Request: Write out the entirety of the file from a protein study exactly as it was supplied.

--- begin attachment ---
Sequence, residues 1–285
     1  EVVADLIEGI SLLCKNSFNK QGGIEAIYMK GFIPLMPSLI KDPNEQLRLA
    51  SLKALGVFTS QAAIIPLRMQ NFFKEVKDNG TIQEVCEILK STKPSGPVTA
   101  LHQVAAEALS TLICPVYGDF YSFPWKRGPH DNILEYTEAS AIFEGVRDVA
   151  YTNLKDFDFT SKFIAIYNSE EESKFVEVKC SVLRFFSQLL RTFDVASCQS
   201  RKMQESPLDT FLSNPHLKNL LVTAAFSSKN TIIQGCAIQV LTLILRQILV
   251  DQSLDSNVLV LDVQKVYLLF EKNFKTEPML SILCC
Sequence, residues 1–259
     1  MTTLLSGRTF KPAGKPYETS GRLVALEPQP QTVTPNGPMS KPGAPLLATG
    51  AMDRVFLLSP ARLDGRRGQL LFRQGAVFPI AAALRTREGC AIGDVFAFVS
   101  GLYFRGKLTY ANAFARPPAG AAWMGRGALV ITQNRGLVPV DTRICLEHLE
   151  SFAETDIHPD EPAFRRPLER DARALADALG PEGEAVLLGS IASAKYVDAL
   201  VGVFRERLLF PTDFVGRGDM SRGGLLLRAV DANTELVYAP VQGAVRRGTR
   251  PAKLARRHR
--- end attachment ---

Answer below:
Sequence, residues 1–285
     1  EVVADLIEGI SLLCKNSFNK QGGIEAIYMK GFIPLMPSLI KDPNEQLRLA
    51  SLKALGVFTS QAAIIPLRMQ NFFKEVKDNG TIQEVCEILK STKPSGPVTA
   101  LHQVAAEALS TLICPVYGDF YSFPWKRGPH DNILEYTEAS AIFEGVRDVA
   151  YTNLKDFDFT SKFIAIYNSE EESKFVEVKC SVLRFFSQLL RTFDVASCQS
   201  RKMQESPLDT FLSNPHLKNL LVTAAFSSKN TIIQGCAIQV LTLILRQILV
   251  DQSLDSNVLV LDVQKVYLLF EKNFKTEPML SILCC
Sequence, residues 1–259
     1  MTTLLSGRTF KPAGKPYETS GRLVALEPQP QTVTPNGPMS KPGAPLLATG
    51  AMDRVFLLSP ARLDGRRGQL LFRQGAVFPI AAALRTREGC AIGDVFAFVS
   101  GLYFRGKLTY ANAFARPPAG AAWMGRGALV ITQNRGLVPV DTRICLEHLE
   151  SFAETDIHPD EPAFRRPLER DARALADALG PEGEAVLLGS IASAKYVDAL
   201  VGVFRERLLF PTDFVGRGDM SRGGLLLRAV DANTELVYAP VQGAVRRGTR
   251  PAKLARRHR